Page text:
3. Not double checking your work

ALWAYS I repeat, always, check spelling and grammar. Poor spelling and grammatical errors is sloppy and shows that you haven't checked your work, and have little attention to detail. I don't just mean doing a spell check on word. I mean show your work to two different people - friends or family, who can check it for you.


4. Always using the same format

I have been known to hand-write a cover letter because I thought it was most appropriate for the company I was applying to. I drafted the letter on word until it was right, then hand wrote it using a fountain pen. Turns out it was the best thing I ever did because I landed the job!

Granted, it's not always possible to do this - especially if you're filling out an online form but it's worth thinking of the most attention-catching way. They probably remembered me as 'the girl who hand-wrote her cover letter' during the interviewing process.


5. Not being true to who you are

One of the most interesting ways to make yourself stand out is by adding how skills that you've learnt through a hobby apply to the job you're hoping to get. Not many people actually have a long standing hobby these days, so try mentioning anything that is important to you whether it's playing tennis, or something more niche like knitting. You never know when these skills might come in handy.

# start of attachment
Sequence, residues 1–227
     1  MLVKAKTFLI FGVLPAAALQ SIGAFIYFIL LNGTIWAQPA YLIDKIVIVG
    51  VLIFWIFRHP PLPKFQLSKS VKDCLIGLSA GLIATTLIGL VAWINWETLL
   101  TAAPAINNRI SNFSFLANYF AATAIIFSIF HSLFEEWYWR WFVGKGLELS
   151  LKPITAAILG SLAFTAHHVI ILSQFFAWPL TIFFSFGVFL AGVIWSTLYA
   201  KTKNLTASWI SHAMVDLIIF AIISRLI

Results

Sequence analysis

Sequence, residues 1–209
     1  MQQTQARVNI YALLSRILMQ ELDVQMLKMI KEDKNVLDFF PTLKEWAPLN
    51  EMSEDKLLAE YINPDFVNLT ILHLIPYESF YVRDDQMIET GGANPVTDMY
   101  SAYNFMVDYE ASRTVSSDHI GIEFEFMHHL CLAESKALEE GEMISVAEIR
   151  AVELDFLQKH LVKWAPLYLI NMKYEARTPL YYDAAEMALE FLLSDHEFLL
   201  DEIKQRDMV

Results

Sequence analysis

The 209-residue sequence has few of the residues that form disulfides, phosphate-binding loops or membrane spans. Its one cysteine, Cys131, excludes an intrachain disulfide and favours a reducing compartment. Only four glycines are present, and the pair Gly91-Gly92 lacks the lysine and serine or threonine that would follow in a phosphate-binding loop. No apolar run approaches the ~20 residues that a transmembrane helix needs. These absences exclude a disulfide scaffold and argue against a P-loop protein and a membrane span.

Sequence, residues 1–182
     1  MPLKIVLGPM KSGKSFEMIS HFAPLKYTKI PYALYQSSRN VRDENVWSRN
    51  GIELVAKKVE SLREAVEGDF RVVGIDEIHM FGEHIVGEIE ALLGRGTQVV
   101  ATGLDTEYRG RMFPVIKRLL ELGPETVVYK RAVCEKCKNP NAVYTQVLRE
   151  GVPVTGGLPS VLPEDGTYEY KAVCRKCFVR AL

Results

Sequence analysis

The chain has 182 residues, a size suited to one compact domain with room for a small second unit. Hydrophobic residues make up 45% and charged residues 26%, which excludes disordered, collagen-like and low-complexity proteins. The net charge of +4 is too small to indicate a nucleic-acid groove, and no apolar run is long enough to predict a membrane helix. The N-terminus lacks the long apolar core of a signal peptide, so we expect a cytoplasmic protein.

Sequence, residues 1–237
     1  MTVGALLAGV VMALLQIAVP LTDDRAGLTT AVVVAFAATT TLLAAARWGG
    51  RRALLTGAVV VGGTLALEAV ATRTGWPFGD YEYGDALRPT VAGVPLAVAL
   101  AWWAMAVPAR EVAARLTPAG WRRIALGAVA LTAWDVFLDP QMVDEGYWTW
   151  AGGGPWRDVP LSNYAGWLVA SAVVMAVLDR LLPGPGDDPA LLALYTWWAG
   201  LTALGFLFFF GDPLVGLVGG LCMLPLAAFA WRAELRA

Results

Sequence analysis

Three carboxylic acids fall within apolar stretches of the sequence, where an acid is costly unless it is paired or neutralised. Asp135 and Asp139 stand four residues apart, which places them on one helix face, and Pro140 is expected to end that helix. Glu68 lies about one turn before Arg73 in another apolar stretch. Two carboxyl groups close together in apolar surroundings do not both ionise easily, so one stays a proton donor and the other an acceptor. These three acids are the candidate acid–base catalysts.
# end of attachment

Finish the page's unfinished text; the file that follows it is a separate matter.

You know the job I was talking about in the previous point? Well, it was for a well known regatta in Berkshire. I added on my cover letter how I used to row at school, have sailed from a young age and can legally drive a powerboat. Turns out they were thrilled that I was comfortable on the water and could drive a powerboat so that I could go off on my own in a boat and inspect the race course!

Let your personality shine through on your cover letter through your skills, attributes and hobbies!


6. Writing your cover letter and CV in a word document

Strictly speaking, this isn't exclusively a cover letter thing, but the best way to make yourself stand out from the crowd is by designing your CV properly. We use Canva for pretty much everything at Sassy Digital, and there are some amazing CV templates on there that you can personalise to make sure your personality, skills and creativity come across to the hiring manager!


7. Writing a whole page - keep it short!

The worst thing as a hiring manager is receiving really long cover letters. You can't ignore them because they might be right for the job, but also they're painful to read. The good cover letters are concise and take a minute to read - if that. Think of it as your elevator pitch - you have 10 seconds to sell yourself to the company. What do you write?

Suggestion: Try to write 3 short paragraphs, talking about previous experience, hobbies and key skills - all the while relating these back to the job description.


Does anyone else have good experiences or stories to share from their cover letters? Please comment below!